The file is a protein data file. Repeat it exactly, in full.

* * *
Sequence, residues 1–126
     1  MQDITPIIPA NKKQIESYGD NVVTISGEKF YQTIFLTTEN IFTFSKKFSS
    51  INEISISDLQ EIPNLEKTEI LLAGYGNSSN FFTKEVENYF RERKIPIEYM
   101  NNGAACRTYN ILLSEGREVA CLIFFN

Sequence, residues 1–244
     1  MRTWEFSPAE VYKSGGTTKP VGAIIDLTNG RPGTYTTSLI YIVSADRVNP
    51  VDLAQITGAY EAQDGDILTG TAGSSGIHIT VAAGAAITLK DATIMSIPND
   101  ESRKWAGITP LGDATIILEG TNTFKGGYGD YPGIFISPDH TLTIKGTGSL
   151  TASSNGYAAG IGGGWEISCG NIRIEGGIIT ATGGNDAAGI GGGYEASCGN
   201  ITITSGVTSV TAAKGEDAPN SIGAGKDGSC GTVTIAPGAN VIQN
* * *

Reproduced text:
Sequence, residues 1–126
     1  MQDITPIIPA NKKQIESYGD NVVTISGEKF YQTIFLTTEN IFTFSKKFSS
    51  INEISISDLQ EIPNLEKTEI LLAGYGNSSN FFTKEVENYF RERKIPIEYM
   101  NNGAACRTYN ILLSEGREVA CLIFFN

Sequence, residues 1–244
     1  MRTWEFSPAE VYKSGGTTKP VGAIIDLTNG RPGTYTTSLI YIVSADRVNP
    51  VDLAQITGAY EAQDGDILTG TAGSSGIHIT VAAGAAITLK DATIMSIPND
   101  ESRKWAGITP LGDATIILEG TNTFKGGYGD YPGIFISPDH TLTIKGTGSL
   151  TASSNGYAAG IGGGWEISCG NIRIEGGIIT ATGGNDAAGI GGGYEASCGN
   201  ITITSGVTSV TAAKGEDAPN SIGAGKDGSC GTVTIAPGAN VIQN